By the middle of the 4th century Christians were celebrating the nativity of Jesus on December 25 (the birth of Mithras), and as early as the end of the 5th century they were celebrating an Advent Season. In America today Advent is a month-long period of celebration leading up to the Nativity (birth of Jesus Christ). The birth of Jesus marks the beginning of the liturgical year in Western Christianity, and includes, among other things, the lighting of four Advent candles through the four weeks of the season. The candles emphasize the four themes of Christmas: hope, peace, love, and joy.
Oddly, two of the canonical gospels, Mark and John, do not even acknowledge a birth of Jesus. Mark begins the narrative with Jesus as an adult disciple of John the Baptizer (1:9-14), and simply assumes that he was born—after all he had a mother, brothers, and sisters (6:3). There is no mention of a father or stepfather. The life of Jesus before his association with John the Baptist is cloaked in obscurity, with the exception that Mark describes him as a carpenter (6:3); presumably it was his occupation before joining John’s movement. He was assumed to be a human being of anonymous birth on whom the Spirit of God descended at his baptism by John (1:9-11). If there was going to be any subsequent Christian celebration based on Mark’s narrative about Jesus, one would have expected that it would have focused on his baptism, death, and resurrection, since that is what Mark himself stresses (1:9-11; 14:22-28; 16:1-7; 8:31; 9:31; 10:32-34).
The Gospel of John also is out of step with the contemporary Christian celebration of Advent. There is no mention of a birth of Jesus in the Gospel of John. Instead John begins with a poetic section (1:1-18): “the Word,” who was pre-existing with the Father (1:1-5). In this Word was Life (1:4) and this Life was the “Light” of human beings. It shines unextinguished in the darkness (1:5). The Light was “True Light,” coming into the world and enlightening all people (1:5). The Word/Life/Light in the world (1:5) became enfleshed and dwelled among us (1:14). Whatever the poet may have had in mind, this is clearly not a nativity story. This poetically described “figure” has no point of beginning and comes from beyond an earthen vale. He only temporarily pitched his tent amongst us (1:14)—that is (if one may borrow a line from Paul), he was not human but came in human likeness by taking the form of a slave (Phil 2:6-7). More prosaically, John recognized that Jesus was the son of Joseph (1:45; 6:42) by an unnamed mother (2:1; 19:25) and he had brothers, also unnamed (2:12; 7:5). Nevertheless, he was not one of us but came “from above, from heaven” (3:31; 8:23). The family attachments were merely part of his human disguise. From John’s perspective one should celebrate his “lifting up” (3:14; 8:28; 12:32-34) and his “rising up” (2:22; 20:9; 21:14).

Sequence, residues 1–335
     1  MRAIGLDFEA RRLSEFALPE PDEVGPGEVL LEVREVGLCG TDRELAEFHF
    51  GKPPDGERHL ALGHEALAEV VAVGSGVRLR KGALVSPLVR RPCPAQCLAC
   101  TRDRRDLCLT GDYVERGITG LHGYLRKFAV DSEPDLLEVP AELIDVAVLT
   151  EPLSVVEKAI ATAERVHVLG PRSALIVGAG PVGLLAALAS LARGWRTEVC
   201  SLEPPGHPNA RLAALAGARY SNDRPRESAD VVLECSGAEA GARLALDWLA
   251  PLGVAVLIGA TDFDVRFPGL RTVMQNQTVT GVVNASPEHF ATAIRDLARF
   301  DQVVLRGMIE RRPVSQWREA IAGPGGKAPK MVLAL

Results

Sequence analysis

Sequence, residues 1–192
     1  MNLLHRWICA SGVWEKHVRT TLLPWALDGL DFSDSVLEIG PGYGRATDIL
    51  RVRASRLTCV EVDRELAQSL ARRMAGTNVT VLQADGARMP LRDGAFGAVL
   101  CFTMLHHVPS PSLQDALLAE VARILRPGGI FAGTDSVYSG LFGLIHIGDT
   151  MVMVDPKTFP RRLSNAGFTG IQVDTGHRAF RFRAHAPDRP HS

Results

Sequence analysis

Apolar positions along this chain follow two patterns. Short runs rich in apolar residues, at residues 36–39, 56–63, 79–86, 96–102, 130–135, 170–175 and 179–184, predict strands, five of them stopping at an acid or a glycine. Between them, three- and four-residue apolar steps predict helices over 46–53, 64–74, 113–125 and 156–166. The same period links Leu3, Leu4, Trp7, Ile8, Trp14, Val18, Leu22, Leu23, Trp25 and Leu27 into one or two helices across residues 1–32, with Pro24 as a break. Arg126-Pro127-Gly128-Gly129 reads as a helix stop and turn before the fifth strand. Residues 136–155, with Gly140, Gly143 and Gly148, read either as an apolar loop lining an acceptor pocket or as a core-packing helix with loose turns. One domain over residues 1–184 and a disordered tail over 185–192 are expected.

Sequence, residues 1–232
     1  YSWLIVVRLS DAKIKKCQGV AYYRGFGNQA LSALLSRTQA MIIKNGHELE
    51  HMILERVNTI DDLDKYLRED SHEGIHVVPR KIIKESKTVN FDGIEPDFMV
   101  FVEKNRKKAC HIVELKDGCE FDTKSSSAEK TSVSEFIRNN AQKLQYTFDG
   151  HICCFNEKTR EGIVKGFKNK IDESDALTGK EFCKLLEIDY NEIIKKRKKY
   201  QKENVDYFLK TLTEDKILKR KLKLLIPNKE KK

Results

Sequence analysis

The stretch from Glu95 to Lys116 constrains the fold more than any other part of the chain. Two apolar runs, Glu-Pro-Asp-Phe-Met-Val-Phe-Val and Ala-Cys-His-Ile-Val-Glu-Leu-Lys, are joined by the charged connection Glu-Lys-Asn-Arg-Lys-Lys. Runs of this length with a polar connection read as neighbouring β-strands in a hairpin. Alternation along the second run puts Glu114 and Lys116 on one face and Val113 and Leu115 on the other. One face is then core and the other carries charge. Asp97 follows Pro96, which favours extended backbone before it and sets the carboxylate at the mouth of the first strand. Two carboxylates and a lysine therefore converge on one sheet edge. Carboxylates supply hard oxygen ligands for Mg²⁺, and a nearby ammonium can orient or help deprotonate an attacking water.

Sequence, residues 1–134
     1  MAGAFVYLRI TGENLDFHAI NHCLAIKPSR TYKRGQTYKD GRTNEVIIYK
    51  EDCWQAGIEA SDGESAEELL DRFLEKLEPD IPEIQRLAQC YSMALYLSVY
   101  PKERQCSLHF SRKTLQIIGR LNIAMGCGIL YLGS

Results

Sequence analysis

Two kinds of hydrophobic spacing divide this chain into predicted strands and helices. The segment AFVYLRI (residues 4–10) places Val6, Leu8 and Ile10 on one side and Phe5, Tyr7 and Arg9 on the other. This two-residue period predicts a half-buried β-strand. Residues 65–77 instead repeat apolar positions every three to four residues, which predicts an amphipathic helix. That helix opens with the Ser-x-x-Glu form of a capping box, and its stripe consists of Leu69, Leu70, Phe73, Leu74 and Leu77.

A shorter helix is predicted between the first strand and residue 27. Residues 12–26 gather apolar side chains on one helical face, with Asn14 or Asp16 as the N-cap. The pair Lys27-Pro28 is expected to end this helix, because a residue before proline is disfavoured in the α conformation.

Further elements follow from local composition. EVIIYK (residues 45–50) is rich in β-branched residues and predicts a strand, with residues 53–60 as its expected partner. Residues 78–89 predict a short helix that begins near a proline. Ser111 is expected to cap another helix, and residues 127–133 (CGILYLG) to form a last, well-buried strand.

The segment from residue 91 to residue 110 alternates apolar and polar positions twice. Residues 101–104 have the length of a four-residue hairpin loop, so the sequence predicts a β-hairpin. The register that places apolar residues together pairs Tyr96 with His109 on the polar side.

The birth and infancy narratives in Matthew (1:1-2:23 and Luke (1:5-2:52) are completely different, with the exception that they feature the same main characters (Jesus, Mary, and Joseph).1 The principal disagreements are as follows: the announcement of Jesus’ birth is made to Joseph in a dream in Matthew (1:20-24), but to Mary while awake in Luke (1:26-37); In Matthew Joseph plays a major role in events (1:18-25; 2:13-14, 19-23), but in Luke a minor role (named, 2:4, 16; alluded to,2:5, 22, 27, 33, 39, 41, 43, 48); Matthew has the story of the Magi (2:1-12) but Luke does not. Luke has the story of the shepherds in the field (2:8-20), but Matthew does not. In Matthew Jesus was apparently born in a house (2:11), but in Luke he was born in a stable (2:7, 12, 16). Matthew has the massacre of the children (2:16-18) with the House of Herod playing a prominent role, but this account plays no role in Luke; In Matthew Bethlehem in Judea is the home of Mary and Joseph, they flee to Egypt and do not return to Bethlehem (2:1, 19-23), but in Luke Nazareth in Galilee is the home of Mary and Joseph, they travel to Bethlehem because of the Roman census, they return to Jerusalem and return home to Nazareth (1:26; 2:4-6, 22-24, 39-40).2